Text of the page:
A local nature group is acquiring an environmentally valuable piece of Willamette River water property that has given Lane County managers headaches due to trespassing by nude sunbathers and other problems.
The Lane County Board of Commissioners earlier this week agreed to sell the 63-acre Turtle Flats property off Seavey Loop Road to the nonprofit Friends of Buford Park and Mount Pisgah, a group that helps care for the county-owned Buford park.
The purchase money will be provided by the Bonneville Power Administration, under a program aimed at offsetting environmental harm done by federal dams. The BPA will provide $354,000 for the purchase, with $40,000 of the proceeds going to the county and the rest going to a fund, to be managed by the Oregon Community Foundation, to pay for restoration and upkeep of the 63 acres, said BPA spokesman Kevin Wingert.
The nonprofit Friends group's goal is to launch a broad waterfront restoration project on about 300 acres in cooperation with the Oregon Parks and Recreation Department and The Nature Conservancy, which own adjacent riverfront land, said Chris Orsinger, executive director of Friends of Buford Park.
Orsinger said the groups hope for restoration-work funding from the Oregon Watershed Enhancement Board, and from private and government grants. The watershed board receives Oregon Lottery revenue.
Dotted with gravel pits
The targeted acreage is dotted with old gravel pits, plus gravel haul roads and fortified embankments; riverfront and wildlife advocates want to dig a series of channels to connect the old water-filled pits to the Willamette River, to improve habitat for fish and other wildlife. Plus, they want to grade steep banks, clear away invasive weeds and plant native species.
The work could cost $1 million or more, Orsinger said, but first the groups must come up with a comprehensive plan.
Eventually, he said, the aim is to open up parts of the acreage to "carefully planned pedestrian or water-based recreation."
"After restoration, we plan to create public access for compatible recreation, with the particulars dependent on funding and future planning," he said. "We want to create a place where people can enjoy nature, and that is a haven for salmon, turtles (and) river otters."
Corps proposes restoration
The U.S. Army Corps of Engineers has proposed a massive $45 million floodplain restoration project that would encompass the 63 county acres plus more than another 500 nearby acres.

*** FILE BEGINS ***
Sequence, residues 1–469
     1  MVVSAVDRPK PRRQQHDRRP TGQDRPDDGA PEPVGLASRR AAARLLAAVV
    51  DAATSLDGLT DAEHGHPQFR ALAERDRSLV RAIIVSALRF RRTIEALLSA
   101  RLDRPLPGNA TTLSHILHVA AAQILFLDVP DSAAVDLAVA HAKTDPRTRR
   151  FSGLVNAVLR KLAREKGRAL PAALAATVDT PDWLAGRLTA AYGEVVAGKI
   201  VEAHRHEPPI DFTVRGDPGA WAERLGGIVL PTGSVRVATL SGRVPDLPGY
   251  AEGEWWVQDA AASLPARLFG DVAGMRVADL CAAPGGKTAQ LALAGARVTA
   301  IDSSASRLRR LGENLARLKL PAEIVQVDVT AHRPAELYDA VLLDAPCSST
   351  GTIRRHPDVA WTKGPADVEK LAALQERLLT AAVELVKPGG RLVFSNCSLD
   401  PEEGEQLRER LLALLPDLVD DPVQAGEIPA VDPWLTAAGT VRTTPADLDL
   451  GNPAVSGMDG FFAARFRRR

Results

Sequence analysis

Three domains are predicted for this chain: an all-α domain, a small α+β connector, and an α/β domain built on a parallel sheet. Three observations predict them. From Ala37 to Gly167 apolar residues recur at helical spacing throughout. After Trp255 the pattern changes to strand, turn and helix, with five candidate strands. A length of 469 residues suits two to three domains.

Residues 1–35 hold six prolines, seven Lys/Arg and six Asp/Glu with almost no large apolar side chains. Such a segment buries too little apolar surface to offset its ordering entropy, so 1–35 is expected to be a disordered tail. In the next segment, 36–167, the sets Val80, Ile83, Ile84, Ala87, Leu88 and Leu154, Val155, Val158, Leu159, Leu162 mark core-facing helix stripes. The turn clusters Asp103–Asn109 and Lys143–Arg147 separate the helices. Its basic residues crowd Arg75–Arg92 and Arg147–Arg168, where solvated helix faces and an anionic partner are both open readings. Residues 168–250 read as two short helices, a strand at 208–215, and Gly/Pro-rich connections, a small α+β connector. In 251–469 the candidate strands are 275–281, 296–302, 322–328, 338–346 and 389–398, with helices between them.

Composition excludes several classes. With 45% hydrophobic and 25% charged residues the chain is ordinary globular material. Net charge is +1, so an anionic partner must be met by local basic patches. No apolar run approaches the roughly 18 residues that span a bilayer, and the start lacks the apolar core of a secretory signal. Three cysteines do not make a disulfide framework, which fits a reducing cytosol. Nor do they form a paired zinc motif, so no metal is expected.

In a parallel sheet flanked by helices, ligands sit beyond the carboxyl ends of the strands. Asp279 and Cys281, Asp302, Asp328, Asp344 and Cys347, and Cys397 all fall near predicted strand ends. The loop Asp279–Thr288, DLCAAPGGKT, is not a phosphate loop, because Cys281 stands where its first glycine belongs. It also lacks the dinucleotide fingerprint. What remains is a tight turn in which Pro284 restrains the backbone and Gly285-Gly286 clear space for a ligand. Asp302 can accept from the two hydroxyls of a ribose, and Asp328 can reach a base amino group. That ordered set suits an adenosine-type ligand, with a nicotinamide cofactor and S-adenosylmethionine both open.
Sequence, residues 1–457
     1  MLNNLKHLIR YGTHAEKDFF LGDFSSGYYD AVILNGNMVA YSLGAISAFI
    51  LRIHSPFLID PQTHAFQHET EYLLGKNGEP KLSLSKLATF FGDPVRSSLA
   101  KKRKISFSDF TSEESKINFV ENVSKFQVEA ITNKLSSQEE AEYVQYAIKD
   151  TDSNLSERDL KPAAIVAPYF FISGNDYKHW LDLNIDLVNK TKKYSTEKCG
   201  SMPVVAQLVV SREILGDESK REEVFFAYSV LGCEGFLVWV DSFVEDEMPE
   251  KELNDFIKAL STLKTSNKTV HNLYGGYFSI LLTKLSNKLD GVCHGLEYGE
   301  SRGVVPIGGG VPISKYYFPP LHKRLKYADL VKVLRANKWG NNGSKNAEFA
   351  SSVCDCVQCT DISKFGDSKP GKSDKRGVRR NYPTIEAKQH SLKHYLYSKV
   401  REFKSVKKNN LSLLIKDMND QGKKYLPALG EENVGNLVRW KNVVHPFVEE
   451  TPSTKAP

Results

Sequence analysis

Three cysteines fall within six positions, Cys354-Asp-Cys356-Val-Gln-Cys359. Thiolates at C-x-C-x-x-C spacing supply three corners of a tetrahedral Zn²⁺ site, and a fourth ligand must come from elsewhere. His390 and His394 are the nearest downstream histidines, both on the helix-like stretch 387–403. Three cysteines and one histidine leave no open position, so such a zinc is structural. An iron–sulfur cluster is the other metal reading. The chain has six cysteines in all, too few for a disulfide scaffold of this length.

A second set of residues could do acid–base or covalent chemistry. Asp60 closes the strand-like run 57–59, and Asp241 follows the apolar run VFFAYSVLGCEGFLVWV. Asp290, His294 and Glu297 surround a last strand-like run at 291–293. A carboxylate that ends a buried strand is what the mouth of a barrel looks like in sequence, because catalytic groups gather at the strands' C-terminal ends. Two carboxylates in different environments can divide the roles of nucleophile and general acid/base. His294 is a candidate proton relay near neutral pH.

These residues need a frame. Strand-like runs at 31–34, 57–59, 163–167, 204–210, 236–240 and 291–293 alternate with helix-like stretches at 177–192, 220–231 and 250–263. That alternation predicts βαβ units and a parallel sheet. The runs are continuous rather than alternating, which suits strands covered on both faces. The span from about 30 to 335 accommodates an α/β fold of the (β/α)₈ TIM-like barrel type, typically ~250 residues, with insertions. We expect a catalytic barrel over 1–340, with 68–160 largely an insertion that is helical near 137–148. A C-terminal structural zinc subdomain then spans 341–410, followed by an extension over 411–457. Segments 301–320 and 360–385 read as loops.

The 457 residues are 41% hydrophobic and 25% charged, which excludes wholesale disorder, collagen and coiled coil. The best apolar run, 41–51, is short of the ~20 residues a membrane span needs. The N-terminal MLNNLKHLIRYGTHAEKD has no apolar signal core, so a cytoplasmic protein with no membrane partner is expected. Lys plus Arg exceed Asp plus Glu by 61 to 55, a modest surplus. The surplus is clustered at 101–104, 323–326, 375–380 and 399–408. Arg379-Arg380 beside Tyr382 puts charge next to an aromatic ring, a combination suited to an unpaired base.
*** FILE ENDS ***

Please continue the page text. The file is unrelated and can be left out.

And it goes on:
Much of that money would need Congressional approval, and some officals say the likelihood of winning that is slim, given the federal government's funding woes.
That plan is still being evaluated by Corps staff.
"We're not counting on the Corps' money," Orsinger said.
Instead, Friends of Buford Park will seek other sources, plus will use volunteers for a lot of on-the-ground work such as removal of invasive species, Orsinger said. Orsinger said his agency is working on ongoing weed and brush removal on the Oregon parks department land.
Lease will cost $8.30 a month
Orsinger said he, the state and The Nature Conservancy are developing a restoration plan that would cover the 100-plus-acre Glass Bar Island state park immediately west of the 63 acres, and about 130 acres of Nature Conservancy land immediately east.
The BPA expects to provide the funding for the purchase this fall, Wingert said. In the meantime, Friends of Buford Park will be leasing the 63 acres from the county for a token sum, $8.30 per month, under the deal.
Under a 2010 agreement with the state, the BPA is funding acquisition of more than 19,000 acres of Willamette Valley land to offset harm caused by federal dams in the Willamette River drainage.
The BPA is allocating tens of millions of dollars for the purchases, with up to $2.5 million a year in the early years of the agreement, rising to $8 million a year through 2025, Wingert said. The money comes from electricity ratepayers who use BPA power.
County had no interest
The Turtle Flats deal resolves a troublesome property problem for the county.
The county says it has no interest in or money for doing the restoration work or maintaining the property long-term.
For years, county residents have walked across the Turtle Flats property to get to the state-owned Glass Bar Island, which has been a gathering point for nude sunbathers.
Anticipating eventual disposal of the Turtle Flats site, the county last year erected fencing to seal off the property from those trespassers, sparking protests by many residents who liked the easily accessible nude sunbathing spot.
Follow Christian on Twitter @ChristianWihtol. Email email@example.com.